# Show that $(x_n)_n$ is convergent.

Let $$(x_n)_n$$ be a bounded sequence. Let $$a,b >0$$ s.t. $$\frac{a}{b}$$ is an irrationnel. The sequences $$(e^{iax_n})_n$$ and $$(e^{ibx_n})_n$$ converge. Show that $$(x_n)_n$$ converges.

Starting with the fact that $$(e^{iax_n})_n$$ and $$(e^{ibx_n})_n$$ converge, we get by definition that:

Suppose that $$(e^{iax_n})_n$$ converges to $$l_1$$, then $$\forall \epsilon_1 >0 \ \exists N_1>0$$ s.t. $$\forall n > N_1$$: $$|e^{iax_n}-l_1|< \epsilon_1$$.
Suppose that $$(e^{ibx_n})_n$$ converges to $$l_2$$, then $$\forall \epsilon_2 >0 \ \exists N_2>0$$ s.t. $$\forall n > N_2$$: $$|e^{ibx_n}-l_2|< \epsilon_2$$.

From here I don't see how to show that $$(x_n)_n$$ is convergente.

• Intuitively I would say $\frac{a}{b}$? Sep 9, 2021 at 15:35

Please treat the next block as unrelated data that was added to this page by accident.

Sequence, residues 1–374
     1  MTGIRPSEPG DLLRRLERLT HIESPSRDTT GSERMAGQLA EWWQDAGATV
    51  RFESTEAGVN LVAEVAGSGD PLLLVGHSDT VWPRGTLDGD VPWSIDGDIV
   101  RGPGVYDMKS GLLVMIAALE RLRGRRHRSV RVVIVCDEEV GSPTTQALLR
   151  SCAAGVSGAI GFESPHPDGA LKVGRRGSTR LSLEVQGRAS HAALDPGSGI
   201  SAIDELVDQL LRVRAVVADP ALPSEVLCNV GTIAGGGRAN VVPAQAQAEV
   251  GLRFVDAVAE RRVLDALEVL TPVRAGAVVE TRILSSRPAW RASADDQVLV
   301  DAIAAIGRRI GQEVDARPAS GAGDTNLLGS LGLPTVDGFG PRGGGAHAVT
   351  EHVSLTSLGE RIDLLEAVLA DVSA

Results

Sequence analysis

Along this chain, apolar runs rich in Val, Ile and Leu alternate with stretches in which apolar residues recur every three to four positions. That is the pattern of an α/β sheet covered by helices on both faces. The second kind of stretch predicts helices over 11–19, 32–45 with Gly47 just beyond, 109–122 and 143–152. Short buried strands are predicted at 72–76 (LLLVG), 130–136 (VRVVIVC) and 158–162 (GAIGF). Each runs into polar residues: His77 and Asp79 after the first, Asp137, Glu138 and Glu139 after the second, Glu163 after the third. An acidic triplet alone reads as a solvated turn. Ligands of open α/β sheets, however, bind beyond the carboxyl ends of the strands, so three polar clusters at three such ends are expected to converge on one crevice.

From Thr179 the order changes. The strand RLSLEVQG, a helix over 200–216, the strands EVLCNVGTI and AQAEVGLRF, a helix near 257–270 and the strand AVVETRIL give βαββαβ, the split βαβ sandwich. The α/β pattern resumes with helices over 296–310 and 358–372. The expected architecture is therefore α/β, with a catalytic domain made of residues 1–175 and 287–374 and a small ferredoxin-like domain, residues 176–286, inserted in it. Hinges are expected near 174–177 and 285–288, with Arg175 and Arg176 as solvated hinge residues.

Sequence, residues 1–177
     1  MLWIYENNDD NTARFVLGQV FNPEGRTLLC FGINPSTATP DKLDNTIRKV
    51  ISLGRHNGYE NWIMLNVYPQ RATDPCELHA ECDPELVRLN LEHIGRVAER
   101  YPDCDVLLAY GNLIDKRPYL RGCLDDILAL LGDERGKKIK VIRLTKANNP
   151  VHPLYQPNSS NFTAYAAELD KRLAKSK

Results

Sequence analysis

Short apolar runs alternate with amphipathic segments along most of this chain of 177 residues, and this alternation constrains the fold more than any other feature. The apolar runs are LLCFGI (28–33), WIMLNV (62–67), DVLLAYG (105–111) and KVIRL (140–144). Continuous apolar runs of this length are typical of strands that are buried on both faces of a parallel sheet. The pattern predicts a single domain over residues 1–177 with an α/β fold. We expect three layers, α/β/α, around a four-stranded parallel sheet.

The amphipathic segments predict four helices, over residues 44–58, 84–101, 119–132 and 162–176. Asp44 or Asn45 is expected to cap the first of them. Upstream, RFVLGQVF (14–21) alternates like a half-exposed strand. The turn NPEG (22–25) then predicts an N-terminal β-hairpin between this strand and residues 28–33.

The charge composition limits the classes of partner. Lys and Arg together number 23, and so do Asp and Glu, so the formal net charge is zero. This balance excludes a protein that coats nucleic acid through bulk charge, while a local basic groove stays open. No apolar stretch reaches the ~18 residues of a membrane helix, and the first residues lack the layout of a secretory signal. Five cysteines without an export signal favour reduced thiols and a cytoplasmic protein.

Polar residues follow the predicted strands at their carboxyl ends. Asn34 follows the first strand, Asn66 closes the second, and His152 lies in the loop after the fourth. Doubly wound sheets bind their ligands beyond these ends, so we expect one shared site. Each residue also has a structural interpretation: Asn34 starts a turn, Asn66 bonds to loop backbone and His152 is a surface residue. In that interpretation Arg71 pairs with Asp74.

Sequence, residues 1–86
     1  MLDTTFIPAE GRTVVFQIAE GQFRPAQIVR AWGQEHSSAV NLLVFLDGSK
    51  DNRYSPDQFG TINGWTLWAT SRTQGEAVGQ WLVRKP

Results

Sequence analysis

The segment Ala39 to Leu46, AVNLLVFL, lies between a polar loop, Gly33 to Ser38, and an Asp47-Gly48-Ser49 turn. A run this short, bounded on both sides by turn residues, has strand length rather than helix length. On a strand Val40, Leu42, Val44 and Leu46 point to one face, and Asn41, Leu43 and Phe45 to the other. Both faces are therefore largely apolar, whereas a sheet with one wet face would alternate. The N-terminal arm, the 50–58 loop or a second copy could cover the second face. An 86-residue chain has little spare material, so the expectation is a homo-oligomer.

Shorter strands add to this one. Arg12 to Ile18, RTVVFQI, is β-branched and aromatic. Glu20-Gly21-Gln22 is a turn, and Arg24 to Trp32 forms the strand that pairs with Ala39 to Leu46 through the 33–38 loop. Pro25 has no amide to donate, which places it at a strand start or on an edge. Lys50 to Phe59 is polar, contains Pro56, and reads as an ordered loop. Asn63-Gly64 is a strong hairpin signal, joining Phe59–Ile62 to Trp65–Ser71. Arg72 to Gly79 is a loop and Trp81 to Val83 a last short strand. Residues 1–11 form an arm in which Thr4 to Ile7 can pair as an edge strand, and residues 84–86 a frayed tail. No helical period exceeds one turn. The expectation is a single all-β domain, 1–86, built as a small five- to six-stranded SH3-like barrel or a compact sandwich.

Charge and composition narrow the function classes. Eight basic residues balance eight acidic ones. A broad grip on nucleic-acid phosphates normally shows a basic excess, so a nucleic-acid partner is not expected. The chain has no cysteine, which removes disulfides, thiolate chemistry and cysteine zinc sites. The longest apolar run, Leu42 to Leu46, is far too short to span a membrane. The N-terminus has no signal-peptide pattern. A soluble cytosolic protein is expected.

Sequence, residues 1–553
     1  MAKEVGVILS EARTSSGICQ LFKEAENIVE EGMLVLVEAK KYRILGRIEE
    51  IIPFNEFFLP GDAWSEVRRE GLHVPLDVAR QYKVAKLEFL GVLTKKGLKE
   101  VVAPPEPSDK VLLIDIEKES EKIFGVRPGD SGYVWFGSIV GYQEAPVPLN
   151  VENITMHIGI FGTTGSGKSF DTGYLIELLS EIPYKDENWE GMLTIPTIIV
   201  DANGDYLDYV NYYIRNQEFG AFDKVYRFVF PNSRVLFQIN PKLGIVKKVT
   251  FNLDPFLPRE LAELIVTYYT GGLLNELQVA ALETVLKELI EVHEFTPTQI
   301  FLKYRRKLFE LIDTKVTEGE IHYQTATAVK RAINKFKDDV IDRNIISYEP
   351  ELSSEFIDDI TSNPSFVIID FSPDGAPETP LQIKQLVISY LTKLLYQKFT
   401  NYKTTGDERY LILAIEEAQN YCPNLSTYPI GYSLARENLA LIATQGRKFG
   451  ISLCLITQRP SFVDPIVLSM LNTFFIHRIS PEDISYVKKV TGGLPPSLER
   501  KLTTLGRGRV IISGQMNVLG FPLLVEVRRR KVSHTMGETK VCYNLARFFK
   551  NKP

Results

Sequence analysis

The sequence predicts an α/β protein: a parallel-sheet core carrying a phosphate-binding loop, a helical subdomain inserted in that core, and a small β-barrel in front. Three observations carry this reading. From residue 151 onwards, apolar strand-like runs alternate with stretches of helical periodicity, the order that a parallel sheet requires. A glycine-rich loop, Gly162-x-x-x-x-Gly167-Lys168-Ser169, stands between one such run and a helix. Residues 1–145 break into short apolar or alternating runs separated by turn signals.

• Ohh.. never had a exercise like this before but I will work on it! Thanks Sep 9, 2021 at 15:43
• @TheSilverDoe Good point, it took me some time to understand that but I've got it now. Sep 9, 2021 at 16:04

Let $$x$$ and $$y$$ be two limit points of $$(x_n)$$. Then, because the sequences $$(e^{iax_n})$$ and $$(e^{ibx_n})$$ both converge, you get $$e^{iax} = e^{iay} \quad \text{and} \quad e^{ibx} = e^{iby}$$

so $$ax = ay + 2k\pi \quad \text{and} \quad bx=by + 2l\pi$$

for some integers $$k$$ and $$l$$.

If $$x \neq y$$, you get $$a= \frac{2k\pi}{x-y} \quad \text{and} \quad b= \frac{2l\pi}{x-y}$$

which contradicts the fact that $$a/b$$ must be irrationnal. So $$x=y$$.

So you have a bounded sequence with only one limit point : it is necessarily a convergent sequence.

• Nice answer to a nice question. Will add to my list. Sep 9, 2021 at 15:46